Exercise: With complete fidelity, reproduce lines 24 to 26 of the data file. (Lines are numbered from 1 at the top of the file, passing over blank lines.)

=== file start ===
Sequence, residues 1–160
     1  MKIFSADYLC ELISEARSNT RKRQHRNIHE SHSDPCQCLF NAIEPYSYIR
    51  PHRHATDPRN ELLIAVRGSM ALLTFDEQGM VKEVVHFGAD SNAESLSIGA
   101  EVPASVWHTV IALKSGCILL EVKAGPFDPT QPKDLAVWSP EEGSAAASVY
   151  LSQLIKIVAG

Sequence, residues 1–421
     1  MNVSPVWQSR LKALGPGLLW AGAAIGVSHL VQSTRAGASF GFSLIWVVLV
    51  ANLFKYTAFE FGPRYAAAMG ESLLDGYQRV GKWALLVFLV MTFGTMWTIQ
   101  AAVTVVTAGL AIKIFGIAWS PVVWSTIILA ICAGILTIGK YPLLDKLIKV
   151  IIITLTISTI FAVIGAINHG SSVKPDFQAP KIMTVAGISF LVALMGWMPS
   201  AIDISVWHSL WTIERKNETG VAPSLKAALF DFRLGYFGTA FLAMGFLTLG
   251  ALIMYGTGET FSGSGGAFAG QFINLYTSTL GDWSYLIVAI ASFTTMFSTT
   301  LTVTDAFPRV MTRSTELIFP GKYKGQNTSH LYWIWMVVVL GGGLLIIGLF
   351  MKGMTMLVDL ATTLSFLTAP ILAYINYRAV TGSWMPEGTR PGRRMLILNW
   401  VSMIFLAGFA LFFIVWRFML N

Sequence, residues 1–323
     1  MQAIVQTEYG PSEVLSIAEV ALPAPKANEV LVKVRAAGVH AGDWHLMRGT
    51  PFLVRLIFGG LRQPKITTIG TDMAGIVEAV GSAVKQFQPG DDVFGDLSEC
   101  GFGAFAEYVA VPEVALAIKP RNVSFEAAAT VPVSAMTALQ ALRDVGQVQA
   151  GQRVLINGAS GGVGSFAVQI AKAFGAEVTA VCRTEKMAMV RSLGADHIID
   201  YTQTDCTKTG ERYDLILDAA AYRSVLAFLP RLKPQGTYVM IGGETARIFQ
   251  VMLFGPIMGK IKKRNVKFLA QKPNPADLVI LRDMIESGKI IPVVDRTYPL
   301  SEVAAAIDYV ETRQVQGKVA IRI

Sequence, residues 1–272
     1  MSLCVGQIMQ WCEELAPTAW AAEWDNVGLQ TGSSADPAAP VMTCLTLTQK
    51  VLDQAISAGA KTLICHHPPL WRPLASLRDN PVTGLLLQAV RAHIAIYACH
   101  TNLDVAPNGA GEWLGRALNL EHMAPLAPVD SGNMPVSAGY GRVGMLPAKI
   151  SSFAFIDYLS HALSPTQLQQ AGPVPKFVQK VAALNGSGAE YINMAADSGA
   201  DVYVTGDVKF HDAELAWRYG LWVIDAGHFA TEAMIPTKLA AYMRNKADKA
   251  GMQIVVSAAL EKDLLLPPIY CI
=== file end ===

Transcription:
Sequence, residues 1–272
     1  MSLCVGQIMQ WCEELAPTAW AAEWDNVGLQ TGSSADPAAP VMTCLTLTQK
    51  VLDQAISAGA KTLICHHPPL WRPLASLRDN PVTGLLLQAV RAHIAIYACH